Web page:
4. Be confident in what your intuition is telling you. Because it's usually right.
5. Relax. It’s only hair.

Monday, June 15

Goddess of the Week: Curtrell F.

Name: Curtrell F.
City: Spartanburg SC
Hobbies: working out, reading and looking up anything concerning natural health
What makes you a fly goddess?:I am as free as the breeze. I gravitate toward laugher and repel drama.
What advice do you have for women trying to free their goddess?: Do what feels good to your spirit. You are in control of your life; do not give that gift to someone else's opinion. Like my Dad always says, "if it's to be, it's up to me!"

Friday, June 12

Goddess Inspiration: Lorraine Hansberry

Thursday, June 11

Interracial Dating: A Black Woman's Perspective

To continue this week's topic of interracial dating, we're hearing from Michelle, a Black woman who only dates Black men. Listen to Michelle as she explains why only a Black man will do it for her.

If you missed the article on interracial dating earlier this week, check it out here. Don't forget to leave your comments!

Wednesday, June 10

Interracial Dating: A White Woman's Perspective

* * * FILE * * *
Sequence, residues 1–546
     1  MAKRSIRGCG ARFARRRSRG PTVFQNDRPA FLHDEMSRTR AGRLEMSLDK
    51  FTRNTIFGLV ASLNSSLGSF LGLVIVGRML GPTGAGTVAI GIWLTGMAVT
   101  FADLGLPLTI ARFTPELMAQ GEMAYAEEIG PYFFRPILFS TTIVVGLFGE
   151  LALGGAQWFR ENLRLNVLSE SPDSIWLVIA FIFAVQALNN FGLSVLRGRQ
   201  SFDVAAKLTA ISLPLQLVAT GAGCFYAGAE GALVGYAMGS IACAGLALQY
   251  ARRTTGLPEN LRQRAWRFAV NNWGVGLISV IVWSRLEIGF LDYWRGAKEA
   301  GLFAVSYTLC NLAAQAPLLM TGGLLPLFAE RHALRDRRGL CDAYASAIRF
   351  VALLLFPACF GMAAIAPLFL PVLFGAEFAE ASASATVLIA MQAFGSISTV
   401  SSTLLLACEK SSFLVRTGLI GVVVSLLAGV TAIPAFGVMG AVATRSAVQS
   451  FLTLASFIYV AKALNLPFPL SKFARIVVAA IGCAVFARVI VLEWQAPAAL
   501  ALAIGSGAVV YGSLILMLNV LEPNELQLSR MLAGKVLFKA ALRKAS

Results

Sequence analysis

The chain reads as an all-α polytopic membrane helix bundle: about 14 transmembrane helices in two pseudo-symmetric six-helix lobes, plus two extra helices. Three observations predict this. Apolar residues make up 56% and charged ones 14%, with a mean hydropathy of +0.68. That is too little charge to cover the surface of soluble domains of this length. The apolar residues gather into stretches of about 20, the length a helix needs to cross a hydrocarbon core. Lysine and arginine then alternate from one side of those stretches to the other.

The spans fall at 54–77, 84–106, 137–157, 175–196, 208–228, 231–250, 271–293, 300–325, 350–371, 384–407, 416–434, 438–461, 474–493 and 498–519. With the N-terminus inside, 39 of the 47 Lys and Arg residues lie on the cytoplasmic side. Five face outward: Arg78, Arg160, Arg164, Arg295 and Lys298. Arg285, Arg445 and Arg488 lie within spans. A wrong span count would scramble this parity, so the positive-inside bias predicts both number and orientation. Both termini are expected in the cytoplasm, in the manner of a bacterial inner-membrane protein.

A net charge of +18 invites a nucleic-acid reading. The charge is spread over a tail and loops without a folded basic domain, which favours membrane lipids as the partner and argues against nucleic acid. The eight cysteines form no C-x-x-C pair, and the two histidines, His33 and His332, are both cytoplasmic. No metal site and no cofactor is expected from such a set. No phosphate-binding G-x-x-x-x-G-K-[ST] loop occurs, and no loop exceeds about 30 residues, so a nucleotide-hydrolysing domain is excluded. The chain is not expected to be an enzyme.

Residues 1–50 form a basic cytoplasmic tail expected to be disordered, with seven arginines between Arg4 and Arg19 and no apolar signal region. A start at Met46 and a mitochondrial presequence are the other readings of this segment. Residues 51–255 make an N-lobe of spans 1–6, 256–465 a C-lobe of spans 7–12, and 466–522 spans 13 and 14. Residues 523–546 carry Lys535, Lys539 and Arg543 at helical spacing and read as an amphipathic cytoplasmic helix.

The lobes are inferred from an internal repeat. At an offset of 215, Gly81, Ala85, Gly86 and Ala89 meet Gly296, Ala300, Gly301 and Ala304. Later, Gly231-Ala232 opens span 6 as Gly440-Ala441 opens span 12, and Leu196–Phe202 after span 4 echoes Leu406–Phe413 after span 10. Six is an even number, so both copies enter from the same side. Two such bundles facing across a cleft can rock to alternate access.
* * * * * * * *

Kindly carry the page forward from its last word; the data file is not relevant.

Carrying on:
This week's topic on Free The Goddess blog is interracial dating. If you missed my article earlier this week, click here to check it out. To add a little bit more interest to this topic, I interviewed Julie, a young white woman who's been dating men outside of her race since she was about 16. Check out the video to hear why Julie favors black men over white men. Don't forget to leave your comments.

Later this week, we'll hear from Michelle, a young black woman only interested in dating black men.

New Goddess Zuri Hoops: Last Day To Enter!

Goddess Zuri will be introducing a new pair of hoops soon, and they don't have a name! Send your name suggestions to by June 10th and if you're name is chosen, you'll win a pair!

The Hoops are made with batik bone beads and black glass beads. Please reference names of other Goddess Zuri earrings at before entering.
Good Luck!

Tuesday, June 9

Interracial Dating: A Hot Button For Black Women

You and your single girlfriends have all gathered at your house to do a little bit of girl talk and share a few drinks before heading out to a lounge.

You look around your living room and notice that everyone is looking pretty fly. Gym workouts were paying off. Outfits were tight. Hair was flowing and fixed just right. And makeup was near perfect.

You finally make you way to the lounge to enjoy live music and the company of good-looking Black men.

Everything started out exactly as planned. You were greeted at the door by security who commented on how wonderful you looked, and as soon as you walk in, heads turn in your direction. You see men commenting to each other, and you know they’re talking about you and your girls. So, within five minutes, you guys are convinced that it’s going to be a good night.